Returning security back to the user

I am not a fan of apps encouraging users to sign up using their social network credentials. The other popular alternative is creating individual accounts on each service, but it has its own pitfalls. There are emerging techniques like password-less authenticators that help simplify and secure the process. This post reviews some of them.

Using social networks as authenticators

You can use Google or another social network as an authenticator across as many of the apps one uses as a convenience. In this case, a breached social account means a quick path for the attacker to all of your other accounts. The solution to this is enabling multi-factor authentication, if available.

It just so happens that both Google and Facebook offer multi-factor authentication. While I believe they should be making it mandatory for all users, it is nevertheless a step in the right direction.

As a general rule, if your service provider is giving you an opportunity to enable multi-factor authentication, please do so!

Even with multi-factor enabled, you are risking a privacy breach. Any app authenticated against your social network account can potentially access data you don’t want it to access via the social network’s API. Even less nefarious situations can likely be treacherous: would you use a job seeker app using your Facebook credentials knowing that your employer could use Facebook API to examine your private life?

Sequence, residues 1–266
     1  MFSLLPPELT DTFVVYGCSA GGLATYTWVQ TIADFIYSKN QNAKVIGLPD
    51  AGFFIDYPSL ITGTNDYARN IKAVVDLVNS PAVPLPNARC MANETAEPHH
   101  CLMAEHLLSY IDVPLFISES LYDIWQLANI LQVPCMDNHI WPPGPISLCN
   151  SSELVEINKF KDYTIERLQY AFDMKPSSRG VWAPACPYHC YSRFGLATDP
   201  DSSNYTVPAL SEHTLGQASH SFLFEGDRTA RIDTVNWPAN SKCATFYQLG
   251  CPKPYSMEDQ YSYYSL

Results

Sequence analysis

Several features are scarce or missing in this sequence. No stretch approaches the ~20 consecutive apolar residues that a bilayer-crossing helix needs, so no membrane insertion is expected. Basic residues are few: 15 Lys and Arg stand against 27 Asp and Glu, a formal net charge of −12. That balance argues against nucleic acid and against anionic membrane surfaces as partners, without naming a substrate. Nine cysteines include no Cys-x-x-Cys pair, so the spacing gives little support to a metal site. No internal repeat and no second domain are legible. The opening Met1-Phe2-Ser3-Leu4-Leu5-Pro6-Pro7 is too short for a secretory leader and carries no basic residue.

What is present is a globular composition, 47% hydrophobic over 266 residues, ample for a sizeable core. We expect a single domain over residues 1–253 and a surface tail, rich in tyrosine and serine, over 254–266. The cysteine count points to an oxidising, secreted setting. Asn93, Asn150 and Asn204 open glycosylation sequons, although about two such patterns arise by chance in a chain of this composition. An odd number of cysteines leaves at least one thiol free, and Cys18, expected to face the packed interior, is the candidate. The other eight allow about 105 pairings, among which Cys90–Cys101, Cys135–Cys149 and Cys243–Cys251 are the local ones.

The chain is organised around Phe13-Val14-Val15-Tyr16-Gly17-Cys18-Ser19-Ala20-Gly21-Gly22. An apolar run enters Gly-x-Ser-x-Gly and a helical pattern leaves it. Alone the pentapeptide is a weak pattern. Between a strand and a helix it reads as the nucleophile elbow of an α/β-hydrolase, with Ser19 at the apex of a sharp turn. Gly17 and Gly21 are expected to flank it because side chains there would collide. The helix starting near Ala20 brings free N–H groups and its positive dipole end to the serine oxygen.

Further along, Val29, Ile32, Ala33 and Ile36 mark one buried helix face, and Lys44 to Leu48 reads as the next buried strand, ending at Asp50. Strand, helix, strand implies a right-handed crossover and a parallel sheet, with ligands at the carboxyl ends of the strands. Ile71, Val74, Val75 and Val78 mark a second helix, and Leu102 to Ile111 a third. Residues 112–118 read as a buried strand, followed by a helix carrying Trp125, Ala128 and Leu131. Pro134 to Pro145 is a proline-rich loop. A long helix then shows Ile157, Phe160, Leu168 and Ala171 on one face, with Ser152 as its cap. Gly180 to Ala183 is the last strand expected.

As unlikely as it may seem, a security breach at your social network provider can potentially allow an attacker to hijack all of your other accounts. This type of breach has already happened at Facebook:

Through this vulnerability, attackers were able to steal Facebook access tokens. An access token is a credential that can be used by an application to access an API. Its main purpose is to inform the API that the bearer of this token has been authorized to access the API and perform specific actions. In this case, an attacker could have used the Facebook access tokens to take over accounts.

Using social networks for single sign-on is very convenient, but I would discourage my readers from doing so. I would also advise app authors and companies against encouraging users from sign-in up for their services using social network authentication.

Creating a separate set of credentials on each service

Users should be configuring a different set of credentials for each service. If an application offers you to log on using your social network account — don’t do it. Create a separate username, password, and the rest of the identity just for that service. This is a little bit better than using social authentication as single sign-on. The attacker may guess your password with one app, but they don’t necessarily know of all the other services you may use.

The problem with this approach, however, is that unsophisticated users end up either using the same password or some derivation of it across all of their accounts. If one account is breached, the others are at risk as well. There are ways to mitigate this risk, however.